The champions bridge the gap between local communities and healthcare settings and their role is to help to educate and raise awareness of diabetes by organising local events, and delivering presentations and talks. They can explain what Type 2 diabetes is, who is at risk, signs and symptoms, myths and misconceptions, complications, and the NHS services that are available to people locally, including the NHS Diabetes Prevention Programme. They also inspire others to help reduce their risk of diabetes, or to manage their diabetes better.
Health and wellbeing coaches supporting people in Wealden
A health and wellbeing coach based at a GP surgery in Herstmonceux in Wealden is improving the quality of life for some of their older patients.
The GPs were used to seeing a high number of older people with multiple long-term health conditions, many who were from rural, isolated areas and had needs that could be better met by services in the local community.
The district council worked with local partners to develop the scheme in which doctors refer people directly to the health coach who can ‘prescribe’ a range of activities such as fitness classes, coffee mornings, walking groups and even choirs. This method of social prescribing has been proven to aid recovery from stroke or cancer, prevent obesity, tackle social isolation and manage mental health conditions.
Almost 200 patients have benefitted from expert coaching and many have improved mental health, increased physical activity, lost weight or reduced their medication requirements. Twenty-nine patients who regularly visited their GP in the six months before receiving coaching reduced these visits by 61% in the six months after. The scheme is now being expanded to neighbouring GP practices, supported by the local CCG.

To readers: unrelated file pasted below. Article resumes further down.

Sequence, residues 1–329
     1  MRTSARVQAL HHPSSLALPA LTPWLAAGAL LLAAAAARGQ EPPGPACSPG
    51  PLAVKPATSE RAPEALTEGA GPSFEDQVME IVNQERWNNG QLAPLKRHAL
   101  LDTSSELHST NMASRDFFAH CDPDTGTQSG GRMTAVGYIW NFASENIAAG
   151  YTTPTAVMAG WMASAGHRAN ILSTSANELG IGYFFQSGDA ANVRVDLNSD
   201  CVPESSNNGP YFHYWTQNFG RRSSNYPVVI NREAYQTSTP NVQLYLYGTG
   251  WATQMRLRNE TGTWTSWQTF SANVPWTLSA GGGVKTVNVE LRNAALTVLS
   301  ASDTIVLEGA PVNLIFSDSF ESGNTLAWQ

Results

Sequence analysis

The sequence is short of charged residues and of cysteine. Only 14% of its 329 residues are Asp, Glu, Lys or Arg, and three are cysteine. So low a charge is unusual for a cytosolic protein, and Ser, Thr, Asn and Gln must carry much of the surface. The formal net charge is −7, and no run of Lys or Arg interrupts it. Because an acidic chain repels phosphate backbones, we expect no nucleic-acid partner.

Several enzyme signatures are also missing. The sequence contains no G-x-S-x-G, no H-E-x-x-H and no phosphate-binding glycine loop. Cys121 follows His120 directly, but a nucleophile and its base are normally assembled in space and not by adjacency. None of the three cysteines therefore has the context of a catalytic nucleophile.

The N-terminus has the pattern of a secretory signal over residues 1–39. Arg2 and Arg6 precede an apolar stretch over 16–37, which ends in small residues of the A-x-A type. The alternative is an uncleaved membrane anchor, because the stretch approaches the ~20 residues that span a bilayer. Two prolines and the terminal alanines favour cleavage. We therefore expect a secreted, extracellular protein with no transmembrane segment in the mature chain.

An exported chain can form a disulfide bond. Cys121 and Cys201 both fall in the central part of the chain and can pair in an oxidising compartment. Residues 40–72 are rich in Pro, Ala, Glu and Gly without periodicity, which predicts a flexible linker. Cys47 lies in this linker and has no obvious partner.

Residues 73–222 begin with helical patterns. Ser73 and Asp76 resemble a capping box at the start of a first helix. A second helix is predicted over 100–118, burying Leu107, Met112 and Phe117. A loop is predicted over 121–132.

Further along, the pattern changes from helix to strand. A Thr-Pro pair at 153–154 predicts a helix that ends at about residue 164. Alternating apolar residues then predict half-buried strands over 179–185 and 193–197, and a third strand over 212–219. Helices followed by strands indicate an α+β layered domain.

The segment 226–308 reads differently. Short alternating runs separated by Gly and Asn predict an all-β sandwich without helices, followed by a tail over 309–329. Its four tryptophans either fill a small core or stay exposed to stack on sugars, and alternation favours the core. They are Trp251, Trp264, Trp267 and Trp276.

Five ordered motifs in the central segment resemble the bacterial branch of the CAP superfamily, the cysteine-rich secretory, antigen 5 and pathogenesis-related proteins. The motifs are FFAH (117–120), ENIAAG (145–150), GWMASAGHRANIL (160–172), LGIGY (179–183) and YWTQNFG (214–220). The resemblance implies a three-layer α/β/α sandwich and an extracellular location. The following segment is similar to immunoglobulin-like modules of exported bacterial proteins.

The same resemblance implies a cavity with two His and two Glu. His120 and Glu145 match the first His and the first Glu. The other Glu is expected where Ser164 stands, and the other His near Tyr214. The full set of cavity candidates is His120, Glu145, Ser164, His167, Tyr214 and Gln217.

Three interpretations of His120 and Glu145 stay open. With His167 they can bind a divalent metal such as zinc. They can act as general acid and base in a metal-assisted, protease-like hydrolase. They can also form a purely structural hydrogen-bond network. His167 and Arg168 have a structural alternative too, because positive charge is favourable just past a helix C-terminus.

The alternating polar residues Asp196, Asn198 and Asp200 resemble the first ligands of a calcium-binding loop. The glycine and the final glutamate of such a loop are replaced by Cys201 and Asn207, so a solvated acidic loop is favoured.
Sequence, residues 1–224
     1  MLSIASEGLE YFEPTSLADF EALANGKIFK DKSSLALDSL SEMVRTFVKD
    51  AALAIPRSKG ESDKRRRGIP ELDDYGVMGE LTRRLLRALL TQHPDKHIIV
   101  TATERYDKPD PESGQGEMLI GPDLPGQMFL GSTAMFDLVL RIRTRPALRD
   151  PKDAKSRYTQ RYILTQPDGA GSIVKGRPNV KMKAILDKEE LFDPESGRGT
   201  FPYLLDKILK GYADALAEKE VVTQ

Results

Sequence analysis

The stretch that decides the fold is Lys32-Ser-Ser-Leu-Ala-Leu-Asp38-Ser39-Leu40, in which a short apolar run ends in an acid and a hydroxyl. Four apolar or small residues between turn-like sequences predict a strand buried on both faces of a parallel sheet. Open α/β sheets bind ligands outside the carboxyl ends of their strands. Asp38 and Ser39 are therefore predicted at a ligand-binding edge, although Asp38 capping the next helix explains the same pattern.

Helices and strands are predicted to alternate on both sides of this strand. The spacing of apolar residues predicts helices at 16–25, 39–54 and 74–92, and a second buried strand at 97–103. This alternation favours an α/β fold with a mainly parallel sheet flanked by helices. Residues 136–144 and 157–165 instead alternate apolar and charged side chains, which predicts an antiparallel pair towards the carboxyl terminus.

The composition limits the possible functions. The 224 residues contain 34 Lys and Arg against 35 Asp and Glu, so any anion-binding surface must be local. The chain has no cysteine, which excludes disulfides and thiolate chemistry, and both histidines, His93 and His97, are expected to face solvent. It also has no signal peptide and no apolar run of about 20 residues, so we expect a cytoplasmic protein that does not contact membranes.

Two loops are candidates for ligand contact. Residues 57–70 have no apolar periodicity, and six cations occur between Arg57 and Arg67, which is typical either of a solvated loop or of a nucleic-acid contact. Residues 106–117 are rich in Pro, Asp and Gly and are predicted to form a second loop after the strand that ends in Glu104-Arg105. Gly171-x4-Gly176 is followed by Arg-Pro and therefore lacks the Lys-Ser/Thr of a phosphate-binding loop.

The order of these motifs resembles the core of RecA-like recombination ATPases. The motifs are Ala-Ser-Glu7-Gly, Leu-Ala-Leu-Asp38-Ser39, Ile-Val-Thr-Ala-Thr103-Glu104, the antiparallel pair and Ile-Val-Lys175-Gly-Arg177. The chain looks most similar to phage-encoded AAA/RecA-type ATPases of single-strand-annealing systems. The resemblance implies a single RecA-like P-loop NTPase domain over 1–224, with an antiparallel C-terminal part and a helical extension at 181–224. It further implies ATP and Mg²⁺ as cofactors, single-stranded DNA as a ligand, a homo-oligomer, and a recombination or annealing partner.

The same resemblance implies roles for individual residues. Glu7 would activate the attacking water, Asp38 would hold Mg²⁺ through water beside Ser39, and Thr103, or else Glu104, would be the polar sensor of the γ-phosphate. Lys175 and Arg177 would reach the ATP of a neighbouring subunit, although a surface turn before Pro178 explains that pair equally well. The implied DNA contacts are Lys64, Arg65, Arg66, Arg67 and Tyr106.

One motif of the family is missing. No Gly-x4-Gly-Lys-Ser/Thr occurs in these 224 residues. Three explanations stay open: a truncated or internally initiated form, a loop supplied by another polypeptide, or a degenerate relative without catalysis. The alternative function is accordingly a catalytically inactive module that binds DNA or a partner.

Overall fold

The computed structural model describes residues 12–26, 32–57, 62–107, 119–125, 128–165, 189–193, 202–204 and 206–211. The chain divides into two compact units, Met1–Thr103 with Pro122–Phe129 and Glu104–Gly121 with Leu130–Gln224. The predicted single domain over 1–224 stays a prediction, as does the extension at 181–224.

CATCH app is helping parents better understand their children’s health needs
A free app developed by the local council and CCGs in Cheshire is helping parents and carers to self-care for children. The CATCH app (Common Approach to Children’s Health) gives parents the confidence to know when medical treatment is required or when self-care would be a better option.
The number of children aged 0–4 being taken to A&E in the area was well above the national average and many of the children were being sent home with basic advice and information only.
CATCH provides health advice, localised information about healthcare services and support groups in Cheshire East, notifications about key health dates such as childhood immunisations and an interactive map of Cheshire East healthcare services, such as GP surgeries, dentists and pharmacies.
In a survey of Cheshire East app users, 47% said they had chosen self-care instead of attending A&E since downloading the app, while 35% said it had helped them feel more confident in self-caring for their child and in knowing where to find the best treatment. Over winter 2016/17, the number of children aged 0-5 who had been discharged from A&E with basic information and advice only had reduced by 22% since the previous year.